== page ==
37. White DW (2006) PEAPOD regulates lamina size and curvature in Arabidopsis. Proc Natl Acad Sci USA 103:13238–13243PubMedCrossRefGoogle Scholar
  38. Xiao B, Huang Y, Tang N, Xiong L (2007) Over-expression of a LEA gene in rice improves drought resistance under the field conditions. Theor Appl Genet 115:35–46PubMedCrossRefGoogle Scholar
  39. Xue W, Xing Y, Weng X, Zhao Y, Tang W, Wang L, Zhou H, Yu S, Xu C, Li X, Zhang Q (2008) Natural variation in Ghd7 is an important regulator of heading date and yield potential in rice. Nat Genet 40:761–767PubMedCrossRefGoogle Scholar
  40. Yamaguchi-Shinozaki K, Shinozaki K (1994) A novel cis-acting element in an Arabidopsis gene is involved in responsiveness to drought, low-temperature, or high-salt stress. Plant Cell 6:251–264PubMedCrossRefGoogle Scholar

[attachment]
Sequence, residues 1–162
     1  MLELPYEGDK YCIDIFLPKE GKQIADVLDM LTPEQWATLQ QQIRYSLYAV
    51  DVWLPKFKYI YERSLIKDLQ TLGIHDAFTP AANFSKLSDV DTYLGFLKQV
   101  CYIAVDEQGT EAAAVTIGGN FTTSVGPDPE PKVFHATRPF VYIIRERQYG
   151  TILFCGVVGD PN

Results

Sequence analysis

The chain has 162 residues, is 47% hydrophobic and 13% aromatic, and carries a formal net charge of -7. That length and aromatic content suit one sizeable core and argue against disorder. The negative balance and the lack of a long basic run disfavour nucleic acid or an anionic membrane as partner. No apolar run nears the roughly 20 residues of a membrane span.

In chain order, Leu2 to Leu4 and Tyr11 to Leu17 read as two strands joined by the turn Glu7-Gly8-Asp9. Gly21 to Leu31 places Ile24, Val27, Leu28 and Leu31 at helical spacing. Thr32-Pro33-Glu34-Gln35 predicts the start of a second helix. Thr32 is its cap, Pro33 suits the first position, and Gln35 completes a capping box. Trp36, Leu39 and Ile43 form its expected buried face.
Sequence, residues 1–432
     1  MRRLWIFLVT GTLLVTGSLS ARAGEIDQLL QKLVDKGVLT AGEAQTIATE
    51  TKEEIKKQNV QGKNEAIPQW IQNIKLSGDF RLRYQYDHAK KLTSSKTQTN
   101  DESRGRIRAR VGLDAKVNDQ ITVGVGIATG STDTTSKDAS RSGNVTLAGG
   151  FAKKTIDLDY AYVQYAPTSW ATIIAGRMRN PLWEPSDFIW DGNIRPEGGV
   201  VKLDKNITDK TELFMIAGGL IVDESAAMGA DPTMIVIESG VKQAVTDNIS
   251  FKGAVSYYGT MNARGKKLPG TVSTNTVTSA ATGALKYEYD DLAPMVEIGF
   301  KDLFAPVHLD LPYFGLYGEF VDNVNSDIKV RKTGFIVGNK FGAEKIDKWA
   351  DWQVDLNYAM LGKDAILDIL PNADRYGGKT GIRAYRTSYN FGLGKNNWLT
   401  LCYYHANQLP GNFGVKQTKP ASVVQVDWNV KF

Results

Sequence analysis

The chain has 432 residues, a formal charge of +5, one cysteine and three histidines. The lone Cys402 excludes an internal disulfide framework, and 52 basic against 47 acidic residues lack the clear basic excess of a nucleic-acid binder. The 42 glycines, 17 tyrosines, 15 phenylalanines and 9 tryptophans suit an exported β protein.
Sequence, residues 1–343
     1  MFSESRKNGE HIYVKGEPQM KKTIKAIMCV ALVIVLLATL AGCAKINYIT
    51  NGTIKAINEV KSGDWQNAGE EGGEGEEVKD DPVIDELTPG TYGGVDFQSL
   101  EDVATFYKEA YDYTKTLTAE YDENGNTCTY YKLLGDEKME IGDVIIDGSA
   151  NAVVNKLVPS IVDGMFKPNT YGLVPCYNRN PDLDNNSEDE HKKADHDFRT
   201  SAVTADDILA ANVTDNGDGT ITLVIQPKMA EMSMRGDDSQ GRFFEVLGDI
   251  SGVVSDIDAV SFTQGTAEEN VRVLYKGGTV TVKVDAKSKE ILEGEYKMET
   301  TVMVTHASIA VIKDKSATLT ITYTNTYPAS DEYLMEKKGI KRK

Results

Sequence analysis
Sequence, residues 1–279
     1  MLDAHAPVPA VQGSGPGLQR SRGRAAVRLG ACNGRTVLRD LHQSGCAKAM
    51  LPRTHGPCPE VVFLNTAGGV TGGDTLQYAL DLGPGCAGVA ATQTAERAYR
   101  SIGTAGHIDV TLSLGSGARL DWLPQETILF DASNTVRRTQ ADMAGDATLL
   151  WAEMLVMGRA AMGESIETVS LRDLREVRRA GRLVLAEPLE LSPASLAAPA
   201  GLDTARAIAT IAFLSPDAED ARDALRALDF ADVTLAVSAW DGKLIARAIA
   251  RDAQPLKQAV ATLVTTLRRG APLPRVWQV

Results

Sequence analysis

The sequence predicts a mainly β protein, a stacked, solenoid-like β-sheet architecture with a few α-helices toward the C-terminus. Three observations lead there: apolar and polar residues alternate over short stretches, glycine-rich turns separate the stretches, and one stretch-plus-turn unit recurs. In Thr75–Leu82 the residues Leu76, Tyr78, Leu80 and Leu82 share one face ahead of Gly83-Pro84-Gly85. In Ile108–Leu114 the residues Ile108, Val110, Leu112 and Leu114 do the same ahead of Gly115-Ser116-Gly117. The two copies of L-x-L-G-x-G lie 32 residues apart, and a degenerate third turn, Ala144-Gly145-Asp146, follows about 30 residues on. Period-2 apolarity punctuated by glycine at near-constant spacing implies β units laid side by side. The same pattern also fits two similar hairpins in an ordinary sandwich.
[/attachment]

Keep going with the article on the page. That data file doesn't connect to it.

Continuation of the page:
41. Yan Y, Stolz S, Chetelat A, Reymond P, Pagni M, Dubugnon L, Farmer EE (2007) A downstream mediator in the growth repression limb of the jasmonate pathway. Plant Cell 19:2470–2483PubMedCrossRefGoogle Scholar
  42. Yoo SD, Cho YH, Sheen J (2007) Arabidopsis mesophyll protoplasts: a versatile cell system for transient gene expression analysis. Nat Protoc 2:1565–1572PubMedCrossRefGoogle Scholar
  43. Yu J, Hu S, Wang GK, Li S, Liu B, Deng Y, Dai L, Zhou Y, Zhang X et al (2002) A draft sequence of the rice genome (Oryza sativa L. ssp. indica). Science 296:79–92PubMedCrossRefGoogle Scholar
  44. Zhu JK (2002) Salt and drought stress signal transduction in plants. Annu Rev Plant Biol 53:247–273PubMedCrossRefGoogle Scholar

Copyright information

© Springer Science+Business Media B.V. 2009

Authors and Affiliations

  • Haiyan Ye
    • 1
  • Hao Du
    • 1
  • Ning Tang
    • 1
  • Xianghua Li
    • 1
  • Lizhong Xiong
    • 1
  1. 1.National Key Laboratory of Crop Genetic Improvement, National Center of Plant Gene Research (Wuhan)Huazhong Agricultural UniversityWuhanChina

Personalised recommendations